There have been concerns that billions of shillings corruptly gained by looting public funds, drug dealing and piracy have been laundered by criminals buying prime property in Kenya’s major cities – thereby fuelling the rapid increase in property prices.
But the Kenya Bankers Association, which conducts a quarterly index of property prices in the Kenyan capital Nairobi, has come out to dismiss those claims saying Kenya has stringent regulations that would single out money laundering.
“Banks do their due diligence in reporting suspicious transactions to the Financial Reporting Centre. Banks have also sanctioned any of their employees found culpable in abetting financial crimes,” says KBA chief executive Habil Olaka.
KBA negates recent findings by Global Financial Integrity (GFI), a Washington-based financial watchdog, which showed that the amount of dirty money entering Kenya from faulty trade invoicing, crime, corruption and shady business activities had increased more than five-fold in a decade to equal nearly 10 percent of Kenya’s economy.
The report further noted that global financial regulators were flagging Kenya as a high-risk place for money laundering and terrorist finance – a development that undermines Nairobi’s ambition to become a major international financial hub by 2025.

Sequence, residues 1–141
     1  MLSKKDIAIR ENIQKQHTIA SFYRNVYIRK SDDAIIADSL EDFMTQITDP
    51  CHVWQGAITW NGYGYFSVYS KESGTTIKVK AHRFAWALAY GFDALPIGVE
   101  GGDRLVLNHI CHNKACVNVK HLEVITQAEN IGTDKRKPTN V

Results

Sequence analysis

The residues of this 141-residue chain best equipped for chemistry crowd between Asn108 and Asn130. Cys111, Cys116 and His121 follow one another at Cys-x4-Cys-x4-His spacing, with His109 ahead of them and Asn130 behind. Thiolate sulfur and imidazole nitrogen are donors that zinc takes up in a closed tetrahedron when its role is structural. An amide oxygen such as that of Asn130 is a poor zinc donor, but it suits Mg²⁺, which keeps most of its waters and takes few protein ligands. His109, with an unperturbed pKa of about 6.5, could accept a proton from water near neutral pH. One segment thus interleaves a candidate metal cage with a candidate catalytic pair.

Nearly 70 per cent of local commercial banks have also been cited by the National Assembly Public Accounts Committee (PAC) as having facilitated the movement of the Sh1.6 billion NYS scandal cash – part of which was used to acquire prime property in Nairobi.
The turn of events has further fuelled speculations that corrupt officials were increasingly buying property to hide their loot, especially considering that a large portion of the Sh180 billion National Youth Fund money that was recently misappropriated was used to acquire prime property in Nairobi.